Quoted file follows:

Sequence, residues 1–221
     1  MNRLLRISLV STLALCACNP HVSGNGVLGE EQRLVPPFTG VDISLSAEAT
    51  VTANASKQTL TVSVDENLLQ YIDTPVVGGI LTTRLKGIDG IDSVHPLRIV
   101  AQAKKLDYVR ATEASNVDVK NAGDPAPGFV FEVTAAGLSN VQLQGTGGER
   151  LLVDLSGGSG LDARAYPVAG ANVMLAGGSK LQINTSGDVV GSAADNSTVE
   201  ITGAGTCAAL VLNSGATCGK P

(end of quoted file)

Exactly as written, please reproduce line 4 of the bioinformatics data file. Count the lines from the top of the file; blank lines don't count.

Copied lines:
   101  AQAKKLDYVR ATEASNVDVK NAGDPAPGFV FEVTAAGLSN VQLQGTGGER